Chairperson: Conor McPherson
"The nearest thing to a genius that Ireland can boast of"
This year, Tom Murphy – one of Ireland’s foremost living dramatists – turns 75. To celebrate, Dublin Writers Festival presents a rare evening of reading and conversation with the Dublin-based playwright.
When Tom Murphy raged onto the sixties scene with his incendiary debut A Whistle in the Dark, Kenneth Tynan called it ‘arguably the most uninhibited display of brutality London theatre has ever witnessed.’ The playwright has rarely been far from controversy since. The anticlerical The Sanctuary Lamp (1974) – recently revived at London’s Arcola Theatre – caused such a furore at its Dublin premiere that audiences walked out in ranks.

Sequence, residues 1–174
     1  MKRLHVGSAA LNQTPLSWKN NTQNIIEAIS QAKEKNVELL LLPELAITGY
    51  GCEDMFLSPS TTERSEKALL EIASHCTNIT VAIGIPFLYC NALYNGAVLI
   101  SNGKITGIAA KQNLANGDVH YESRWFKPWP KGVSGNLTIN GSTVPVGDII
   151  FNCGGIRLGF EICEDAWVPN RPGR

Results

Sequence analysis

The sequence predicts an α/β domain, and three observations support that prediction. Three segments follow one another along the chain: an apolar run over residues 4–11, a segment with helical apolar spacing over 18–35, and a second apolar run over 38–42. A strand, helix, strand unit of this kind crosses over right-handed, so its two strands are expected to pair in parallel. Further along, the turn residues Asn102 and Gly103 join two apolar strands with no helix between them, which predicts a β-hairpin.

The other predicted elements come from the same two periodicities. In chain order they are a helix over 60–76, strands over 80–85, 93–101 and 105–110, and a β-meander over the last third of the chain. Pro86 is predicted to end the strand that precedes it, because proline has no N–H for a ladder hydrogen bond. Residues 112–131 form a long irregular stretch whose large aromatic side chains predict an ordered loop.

If these early years were characterised by a dark fury, then the 1980s saw work wildly diverse in tone, style and theme – from the ‘Faustian’ The Gigli Concert and lyrical Bailegangaire to the darkly comic Conversations on a Homecoming. His more recent plays include The Wake (1997), The House (2000) and Alice Trilogy (2005). His latest, The Last Days of a Reluctant Tyrant,premiered last year at Dublin’s Abbey Theatre, whose extensive 2001 retrospective almost a decade earlier was a defining moment in the playwright’s career.
Today Tom Murphy remains a restless and probing writer, with a razor-sharp wit, dark edge and profound engagement with contemporary Irish concerns.